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Flash Review Journal 2, 5-22: Joyce SoHo Presents
Two Programs Demonstrate Intimate Angst

By Diane Vivona
Copyright 2001 Diane Vivona

Joyce SoHo Presents is a panelist-curated show. Choreographers submit videotapes, panelists review these and select pieces to present. This year Joyce SoHo limited the amount of videos accepted to the first hundred that arrived in the post; out of these thirteen works were chosen. This is a coveted position for emerging choreographers. To be selected is both a form of recognition by the dance community and, perhaps more significantly, a show of support by the ever fickle, oft-wooed presenter contingent. Coming from the Joyce Theater's younger, hipper sister, Joyce SoHo Presents could reflect a curatorial perspective which forecasts the Joyce's future programming; or it could simply represent what sticks out when panelists are faced with a glut of video viewing -- coffee cups, notebooks and eye drops in hand. In either case, this group show is significant in its overall representation of independent, primarily self-produced choreographers. Of the eight dances viewed the last two weekends, six presented worlds in which emotional turmoil manifested as spatial confinement. Bodies twisted and pursed, some resolving in surrender, others fighting -- till the end. Apocalyptic? No. The intensity level never raises to such a high or expansive social pitch. These choreographers' works are intimate and private, though presented for public witness.

The program seen May 11 began with Jorelle Pome's solo "Exiled Owl." Pome is a striking performer who is not afraid to use her body in unconventional, non-dancerly ways. Her movement includes the strain of deliberately sickled feet as well as the dynamic explosion of shoulder-popping street steps. She becomes, rather than performs this creature and in so doing the individual movements are transformed into the quirky palette of a nature show. Caged and inspected, in close up or slow motion, this voyeurism is not unpleasant, but , as in any nature show, we long to set this animal free.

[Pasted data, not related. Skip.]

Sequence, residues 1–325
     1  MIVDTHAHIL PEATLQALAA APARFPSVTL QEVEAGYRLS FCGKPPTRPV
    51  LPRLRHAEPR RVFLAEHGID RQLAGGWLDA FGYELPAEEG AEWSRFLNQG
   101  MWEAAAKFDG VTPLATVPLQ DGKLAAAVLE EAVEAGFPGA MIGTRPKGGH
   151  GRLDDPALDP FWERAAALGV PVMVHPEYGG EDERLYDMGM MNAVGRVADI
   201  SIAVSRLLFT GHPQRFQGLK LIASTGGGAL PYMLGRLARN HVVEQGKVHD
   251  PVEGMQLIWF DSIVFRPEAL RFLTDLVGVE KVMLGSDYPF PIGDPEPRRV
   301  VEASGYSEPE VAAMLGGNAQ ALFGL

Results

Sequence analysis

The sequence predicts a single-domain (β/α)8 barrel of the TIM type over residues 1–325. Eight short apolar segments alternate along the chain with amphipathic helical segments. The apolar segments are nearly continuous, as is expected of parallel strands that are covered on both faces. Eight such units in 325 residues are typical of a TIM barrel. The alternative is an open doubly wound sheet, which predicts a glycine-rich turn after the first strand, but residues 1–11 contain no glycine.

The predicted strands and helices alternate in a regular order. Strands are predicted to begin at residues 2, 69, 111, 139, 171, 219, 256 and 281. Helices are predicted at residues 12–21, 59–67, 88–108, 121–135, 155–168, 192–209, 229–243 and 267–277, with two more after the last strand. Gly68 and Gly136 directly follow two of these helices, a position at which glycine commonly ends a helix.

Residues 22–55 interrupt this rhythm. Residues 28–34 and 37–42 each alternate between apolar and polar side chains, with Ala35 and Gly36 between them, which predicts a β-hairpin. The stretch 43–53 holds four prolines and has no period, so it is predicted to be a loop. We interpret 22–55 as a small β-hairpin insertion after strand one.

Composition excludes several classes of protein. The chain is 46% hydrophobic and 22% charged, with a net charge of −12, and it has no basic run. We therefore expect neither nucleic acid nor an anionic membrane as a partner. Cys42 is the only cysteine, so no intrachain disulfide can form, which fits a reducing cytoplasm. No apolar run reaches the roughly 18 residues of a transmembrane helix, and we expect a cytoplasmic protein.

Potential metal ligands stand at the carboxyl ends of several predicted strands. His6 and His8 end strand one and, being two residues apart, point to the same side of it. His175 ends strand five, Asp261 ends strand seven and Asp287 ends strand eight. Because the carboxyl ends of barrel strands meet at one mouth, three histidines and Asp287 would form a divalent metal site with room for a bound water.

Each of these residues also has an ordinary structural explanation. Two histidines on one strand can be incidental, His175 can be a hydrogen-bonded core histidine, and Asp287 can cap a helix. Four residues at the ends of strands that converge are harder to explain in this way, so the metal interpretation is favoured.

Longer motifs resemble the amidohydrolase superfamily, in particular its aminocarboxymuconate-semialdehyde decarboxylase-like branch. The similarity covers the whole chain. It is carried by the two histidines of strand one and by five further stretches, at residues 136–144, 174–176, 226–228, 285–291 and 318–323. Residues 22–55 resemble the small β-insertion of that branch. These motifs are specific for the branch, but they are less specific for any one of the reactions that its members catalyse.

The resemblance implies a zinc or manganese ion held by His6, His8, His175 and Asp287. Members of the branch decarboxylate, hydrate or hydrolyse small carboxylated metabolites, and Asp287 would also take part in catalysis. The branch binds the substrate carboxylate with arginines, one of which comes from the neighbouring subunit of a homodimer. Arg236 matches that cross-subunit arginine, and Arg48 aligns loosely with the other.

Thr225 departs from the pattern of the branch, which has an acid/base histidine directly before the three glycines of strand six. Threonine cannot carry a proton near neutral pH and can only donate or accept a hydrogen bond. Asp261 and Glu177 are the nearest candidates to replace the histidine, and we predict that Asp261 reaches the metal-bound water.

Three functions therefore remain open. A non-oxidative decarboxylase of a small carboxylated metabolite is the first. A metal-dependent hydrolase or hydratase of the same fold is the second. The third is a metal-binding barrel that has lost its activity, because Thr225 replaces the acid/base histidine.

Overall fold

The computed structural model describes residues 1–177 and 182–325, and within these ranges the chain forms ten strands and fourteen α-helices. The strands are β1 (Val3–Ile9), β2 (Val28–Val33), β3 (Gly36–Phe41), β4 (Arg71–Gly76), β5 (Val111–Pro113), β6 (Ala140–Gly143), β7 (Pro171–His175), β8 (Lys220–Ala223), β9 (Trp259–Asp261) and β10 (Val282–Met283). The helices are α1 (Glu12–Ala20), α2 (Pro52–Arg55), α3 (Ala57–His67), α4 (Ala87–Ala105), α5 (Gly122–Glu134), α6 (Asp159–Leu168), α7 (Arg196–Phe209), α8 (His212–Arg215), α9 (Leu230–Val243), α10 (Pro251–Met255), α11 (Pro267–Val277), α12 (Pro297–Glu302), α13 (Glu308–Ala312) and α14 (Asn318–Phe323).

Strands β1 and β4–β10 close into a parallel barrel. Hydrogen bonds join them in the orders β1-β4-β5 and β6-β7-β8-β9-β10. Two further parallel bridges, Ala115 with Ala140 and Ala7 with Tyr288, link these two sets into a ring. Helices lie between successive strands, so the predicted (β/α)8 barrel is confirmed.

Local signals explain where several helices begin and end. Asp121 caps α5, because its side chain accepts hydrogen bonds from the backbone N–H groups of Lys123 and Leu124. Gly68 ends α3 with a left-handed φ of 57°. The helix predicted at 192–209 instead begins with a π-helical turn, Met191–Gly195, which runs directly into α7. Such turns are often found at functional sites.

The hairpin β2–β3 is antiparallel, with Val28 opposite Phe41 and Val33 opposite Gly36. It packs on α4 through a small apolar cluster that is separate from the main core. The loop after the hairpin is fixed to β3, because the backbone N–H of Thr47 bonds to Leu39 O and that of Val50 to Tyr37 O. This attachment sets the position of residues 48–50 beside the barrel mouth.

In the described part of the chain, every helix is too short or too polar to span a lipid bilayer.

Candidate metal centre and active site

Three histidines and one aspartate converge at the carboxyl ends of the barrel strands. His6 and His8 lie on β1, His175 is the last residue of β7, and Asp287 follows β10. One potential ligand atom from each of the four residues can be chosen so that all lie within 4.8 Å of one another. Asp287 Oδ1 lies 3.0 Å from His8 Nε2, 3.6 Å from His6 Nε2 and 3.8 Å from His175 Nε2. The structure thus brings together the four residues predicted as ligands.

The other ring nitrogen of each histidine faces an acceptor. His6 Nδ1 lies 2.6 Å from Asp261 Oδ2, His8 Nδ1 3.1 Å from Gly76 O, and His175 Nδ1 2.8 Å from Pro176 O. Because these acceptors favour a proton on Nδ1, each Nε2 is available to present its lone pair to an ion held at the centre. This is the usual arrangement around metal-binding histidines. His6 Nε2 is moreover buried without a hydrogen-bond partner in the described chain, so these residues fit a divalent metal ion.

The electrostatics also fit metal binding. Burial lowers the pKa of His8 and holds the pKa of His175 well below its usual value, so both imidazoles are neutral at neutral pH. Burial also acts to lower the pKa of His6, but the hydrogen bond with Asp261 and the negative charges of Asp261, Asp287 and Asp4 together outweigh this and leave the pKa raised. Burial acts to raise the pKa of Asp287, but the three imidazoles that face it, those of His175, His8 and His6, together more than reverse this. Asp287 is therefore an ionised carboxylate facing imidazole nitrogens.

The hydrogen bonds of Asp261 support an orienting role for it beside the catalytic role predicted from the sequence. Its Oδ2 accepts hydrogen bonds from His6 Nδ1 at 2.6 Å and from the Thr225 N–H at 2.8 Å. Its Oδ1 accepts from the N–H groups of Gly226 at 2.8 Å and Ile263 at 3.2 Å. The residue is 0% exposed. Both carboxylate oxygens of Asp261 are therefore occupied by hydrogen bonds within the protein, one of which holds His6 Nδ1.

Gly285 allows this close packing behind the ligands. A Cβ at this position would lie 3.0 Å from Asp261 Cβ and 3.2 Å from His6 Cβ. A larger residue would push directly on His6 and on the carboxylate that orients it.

Marilynn Danitz's duet, "Breaking the Envelope," is an unfortunate work which has two very capable dancers trapped within the confines of cliched victimization. Kindra Windrish and Emma Nagata appear pained and airless in brightly coloured negliges. Their task, it seems, is to sigh heavily in both body and breath; they collapse and kick, reaching for each other and then swatting at themselves in reprimand for any display of tenderness. Surprisingly, there is no external motivation for this harsh sadism. The dancers' punishment is self-inflicted, a torture which in the 21st century seems surprisingly small minded. These unemancipated women would make Susan B. Anthony turn in her grave.

Dagmar Spain also presented an angst-ridden all-female duet. According to the program, "Over There" explores heroism through goddess archetypes: Persephone as the embodiment of submission, Athena as the embodiment of strength. One dancer represents each goddess and this separation of character reduces rather than clarifies Spain's position. Persephone is clearly vulnerable and unhappy. There is a sense that her softness is a retreat from abuse, rather than an embrace of compassion. Athena is fierce in her high releves, but she is also cold and detached. Together they create a strangely disconnected pair. The perspective could be that Athena antagonizes Persephone. Or that the two represent conflicting aspects of femininity. Either interpretation seems disturbingly reductive and old fashioned. The use of P.J. Harvey's music further trivializes Spain's work.

"Parallelogram for Rags and Prayers," by Fiona Marcotty, is a high-energy work exploring the turmoil of interacting with the opposite sex, the same sex, and a variety of household objects. Marcotty seems inspired by the small interruptions these real things have on the body and psyche, and she is able to expand that into a cascade of flying limbs, exposed torsos, and flailing objects. Witnessing such unrest pulls at your internal comfort zone: you want to offer these dancers Prozac or at least a hug and a pillow. Their world is fraught with hard things -- mismatched shoes, folding chairs, a plastic bowl, a wire hairbrush --- and their bodies respond in kind. There is sexual writhing and squirming but it is all hard effrontery, thwarted and misunderstood impulses to get close that repel. This community of movers quake together and suffer alone. No one has the strength to see or watch, but we do, to our sorrow.